For this week’s episode of “Marketing Today,” I spoke with Tom Fishburne, founder of Marketoonist, a content marketing agency that employs cartoons to make its point. (You’ll find a few examples at the end of this article.) He is also author of “Your Ad Ignored Here.” Known by Seth Godin as the “David Ogilvy of cartooning,” Fishburne’s work reaches several hundred thousand marketers every week.
For this week’s episode of “Marketing Today,” I sat down with Jennifer Saenz, CMO at Frito-Lay. Saenz has a self-described “pretty meaty role” at Frito-Lay, where she oversees the full-portfolio of Frito-Lay brands, including long-term strategy of all the businesses; oversight of communications planning and creation and all creative work that’s done; oversight of the innovation pipeline and insights-capability building; and design and analytics.
For this week’s episode of “Marketing Today,” I spoke with Alegra O’Hare, vice president of global brand communications at Adidas. O’Hare led the Adidas team in the creation of the “Original Is Never Finished” campaign that took home a Grand Prix at Cannes, and she was honored by Adweek in 2017 as a Brand Genius. In the course of our conversation, O’Hare talked about the value of courage in leading a brand. “You have to embody and show it,” she said.
Muck Rack makes it simple to find people, tweets, or articles that mention any name, keyword, company, hashtag etc. We've compiled this guide to help you make the most of your search.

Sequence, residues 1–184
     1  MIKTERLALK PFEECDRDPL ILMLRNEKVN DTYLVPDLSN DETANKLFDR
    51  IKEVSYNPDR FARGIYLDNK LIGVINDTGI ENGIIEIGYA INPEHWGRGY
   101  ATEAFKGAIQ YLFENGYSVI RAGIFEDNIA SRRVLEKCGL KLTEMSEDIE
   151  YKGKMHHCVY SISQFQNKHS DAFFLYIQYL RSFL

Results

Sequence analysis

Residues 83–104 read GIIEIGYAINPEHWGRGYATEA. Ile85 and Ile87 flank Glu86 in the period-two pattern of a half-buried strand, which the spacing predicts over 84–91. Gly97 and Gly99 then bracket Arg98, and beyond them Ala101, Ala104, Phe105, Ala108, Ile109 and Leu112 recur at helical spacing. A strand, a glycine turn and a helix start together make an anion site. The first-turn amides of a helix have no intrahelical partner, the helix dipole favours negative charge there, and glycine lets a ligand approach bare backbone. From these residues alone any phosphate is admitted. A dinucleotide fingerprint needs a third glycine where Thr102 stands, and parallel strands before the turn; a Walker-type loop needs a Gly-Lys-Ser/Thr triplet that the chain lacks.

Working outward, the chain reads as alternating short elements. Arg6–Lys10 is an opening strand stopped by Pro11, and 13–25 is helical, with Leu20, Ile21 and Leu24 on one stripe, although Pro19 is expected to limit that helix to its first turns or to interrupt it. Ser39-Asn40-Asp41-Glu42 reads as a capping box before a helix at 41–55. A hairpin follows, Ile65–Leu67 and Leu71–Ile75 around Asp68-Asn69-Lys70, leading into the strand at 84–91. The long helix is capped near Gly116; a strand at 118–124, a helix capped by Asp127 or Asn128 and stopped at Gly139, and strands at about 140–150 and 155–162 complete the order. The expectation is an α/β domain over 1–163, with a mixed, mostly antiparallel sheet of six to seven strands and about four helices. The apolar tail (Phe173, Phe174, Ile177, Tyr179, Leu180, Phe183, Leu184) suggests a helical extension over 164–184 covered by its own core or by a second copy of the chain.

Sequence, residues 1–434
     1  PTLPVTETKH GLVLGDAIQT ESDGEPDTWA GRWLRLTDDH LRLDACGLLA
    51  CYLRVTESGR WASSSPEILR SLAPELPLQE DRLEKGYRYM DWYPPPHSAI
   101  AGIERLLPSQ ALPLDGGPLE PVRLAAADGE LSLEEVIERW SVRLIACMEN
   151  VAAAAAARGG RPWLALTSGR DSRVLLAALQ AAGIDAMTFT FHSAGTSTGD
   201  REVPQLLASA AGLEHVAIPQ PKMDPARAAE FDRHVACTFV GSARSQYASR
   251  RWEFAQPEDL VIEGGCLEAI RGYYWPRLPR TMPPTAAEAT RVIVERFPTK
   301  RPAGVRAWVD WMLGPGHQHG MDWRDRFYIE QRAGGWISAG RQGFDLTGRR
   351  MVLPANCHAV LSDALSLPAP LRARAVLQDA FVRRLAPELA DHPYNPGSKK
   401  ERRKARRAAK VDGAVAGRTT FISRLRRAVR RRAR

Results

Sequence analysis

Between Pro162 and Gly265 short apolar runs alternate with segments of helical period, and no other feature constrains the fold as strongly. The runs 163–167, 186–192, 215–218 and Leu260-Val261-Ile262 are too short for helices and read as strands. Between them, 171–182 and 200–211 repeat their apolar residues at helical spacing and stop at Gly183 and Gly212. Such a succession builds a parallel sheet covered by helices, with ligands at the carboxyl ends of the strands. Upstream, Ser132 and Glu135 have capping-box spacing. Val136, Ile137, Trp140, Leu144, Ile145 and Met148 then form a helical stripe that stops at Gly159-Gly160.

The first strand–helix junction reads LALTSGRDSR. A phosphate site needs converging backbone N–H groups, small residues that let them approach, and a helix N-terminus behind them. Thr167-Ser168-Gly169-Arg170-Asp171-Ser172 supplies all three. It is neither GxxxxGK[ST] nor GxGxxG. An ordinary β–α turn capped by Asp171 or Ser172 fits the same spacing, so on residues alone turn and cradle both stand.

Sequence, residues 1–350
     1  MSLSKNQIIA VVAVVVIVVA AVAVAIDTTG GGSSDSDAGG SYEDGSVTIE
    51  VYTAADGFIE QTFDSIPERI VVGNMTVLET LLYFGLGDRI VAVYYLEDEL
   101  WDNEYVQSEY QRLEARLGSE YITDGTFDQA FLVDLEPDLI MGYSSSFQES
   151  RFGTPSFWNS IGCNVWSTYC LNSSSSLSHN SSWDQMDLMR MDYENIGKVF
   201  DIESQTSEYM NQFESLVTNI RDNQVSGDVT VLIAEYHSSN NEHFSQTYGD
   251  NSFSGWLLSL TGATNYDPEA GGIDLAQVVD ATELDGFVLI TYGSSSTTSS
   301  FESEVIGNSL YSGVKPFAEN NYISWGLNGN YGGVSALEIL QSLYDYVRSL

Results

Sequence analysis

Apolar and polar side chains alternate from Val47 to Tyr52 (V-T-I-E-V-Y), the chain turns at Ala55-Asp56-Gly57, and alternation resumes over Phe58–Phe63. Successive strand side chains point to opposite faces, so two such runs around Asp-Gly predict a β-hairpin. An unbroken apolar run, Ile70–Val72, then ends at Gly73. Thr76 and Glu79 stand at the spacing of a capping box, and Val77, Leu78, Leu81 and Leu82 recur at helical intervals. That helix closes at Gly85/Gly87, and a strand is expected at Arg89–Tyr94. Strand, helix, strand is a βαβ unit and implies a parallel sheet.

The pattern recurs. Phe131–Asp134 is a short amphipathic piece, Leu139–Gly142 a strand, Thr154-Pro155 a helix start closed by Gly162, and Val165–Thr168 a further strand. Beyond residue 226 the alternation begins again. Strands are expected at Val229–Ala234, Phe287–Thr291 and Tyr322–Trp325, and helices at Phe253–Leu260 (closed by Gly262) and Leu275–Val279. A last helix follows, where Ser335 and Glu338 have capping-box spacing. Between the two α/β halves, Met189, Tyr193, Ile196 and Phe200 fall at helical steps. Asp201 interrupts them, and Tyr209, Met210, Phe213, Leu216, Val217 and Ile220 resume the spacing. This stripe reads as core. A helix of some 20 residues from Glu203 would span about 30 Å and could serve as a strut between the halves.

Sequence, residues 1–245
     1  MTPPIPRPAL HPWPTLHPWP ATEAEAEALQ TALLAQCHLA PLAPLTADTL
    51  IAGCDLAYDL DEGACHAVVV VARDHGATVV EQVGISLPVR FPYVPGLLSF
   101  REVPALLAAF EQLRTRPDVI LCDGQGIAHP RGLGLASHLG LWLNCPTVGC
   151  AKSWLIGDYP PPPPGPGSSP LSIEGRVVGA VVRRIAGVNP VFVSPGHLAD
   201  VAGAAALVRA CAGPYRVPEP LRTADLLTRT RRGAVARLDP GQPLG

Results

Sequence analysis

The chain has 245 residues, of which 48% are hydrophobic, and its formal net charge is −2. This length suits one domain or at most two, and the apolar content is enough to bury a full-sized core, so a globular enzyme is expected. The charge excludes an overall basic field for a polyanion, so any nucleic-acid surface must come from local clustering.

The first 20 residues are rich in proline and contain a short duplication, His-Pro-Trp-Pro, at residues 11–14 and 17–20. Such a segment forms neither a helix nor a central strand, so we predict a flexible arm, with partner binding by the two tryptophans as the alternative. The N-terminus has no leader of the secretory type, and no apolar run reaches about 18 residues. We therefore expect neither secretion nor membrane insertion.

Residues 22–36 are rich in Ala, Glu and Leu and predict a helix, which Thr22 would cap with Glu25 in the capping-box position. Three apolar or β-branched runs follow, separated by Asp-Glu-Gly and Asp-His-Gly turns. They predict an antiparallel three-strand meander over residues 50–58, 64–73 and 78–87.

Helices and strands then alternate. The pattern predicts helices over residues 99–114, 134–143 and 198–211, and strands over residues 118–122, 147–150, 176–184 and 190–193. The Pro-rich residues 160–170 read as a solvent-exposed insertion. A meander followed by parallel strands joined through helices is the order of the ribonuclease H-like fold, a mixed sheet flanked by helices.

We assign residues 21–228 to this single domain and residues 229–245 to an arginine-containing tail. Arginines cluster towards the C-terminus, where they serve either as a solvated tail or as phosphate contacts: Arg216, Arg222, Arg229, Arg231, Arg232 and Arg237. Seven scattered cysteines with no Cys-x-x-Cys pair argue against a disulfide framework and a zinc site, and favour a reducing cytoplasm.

Selecting a term
Start searching tweets, articles from media outlets, articles mentioned in tweets, journalists'
names, titles and bios with some suggested searches:
Companies or Topics (e.g. iPhone, Microsoft)
Phrases (e.g. "cloud computing") — use quotes to keep the terms together
Twitter handles (e.g. @username) — returns those who have mentioned or replied to
Names (e.g. "David Pogue")
Hashtags (e.g. #sxsw, #london2012)
Bio details (e.g. vegan, Olympics, father)
Muck Rack's Advanced Search allows for many boolean operators.
Find results that mention multiple specified terms, use AND or
+. For example, ensure each result contains both Elon Musk and Mark Zuckerberg by
searching Musk AND Zuckerberg or Musk + Zuckerberg.
Use the operators OR or , to broaden your search when you'd like either of
multiple terms to appear in results. (This is the default behavior of our search when no operators
are used). For example, results will contain either cake or cookie by searching cake OR cookie or cake,cookie
Use NOT or - to subtract results from your search. For
example, searching Disney will yield results about the Walt Disney Company as well as Walt Disney
World Resort. To exclude mentions of Disney World, search for Disney -World or Disney
When using one of these operators with a phrase, enclose it in quotation marks. For example, you can
find results about smartphones excluding Apple's iPhone 4S by searching smartphone -"iPhone
Exact case matching or punctuation
If you're searching for a brand name or keyword that relies on specific punctuation marks or capitalization, you can
find results that match your exact query by adding matchcase: before the keyword you're searching for, like matchcase:E*TRADE .
Use parentheses to separate multiple
boolean phrases. For example, to find journalists talking about having fun in Disney World or
Disneyland, search for ("disney world" OR disneyland) AND fun.
An asterisk can be used to search for any variation of a root word truncated by the asterisk. For example, searching for admin* will return results for administrator, administration, administer, administered, etc.
A near operator is an AND operator where you can control the distance between the words. You can vary the distance the near operation uses by adding a forward slash and number (between 0-99) such as strawberries NEAR/10 "whipped cream", which means the strawberries must exist within 10 words of "whipped cream".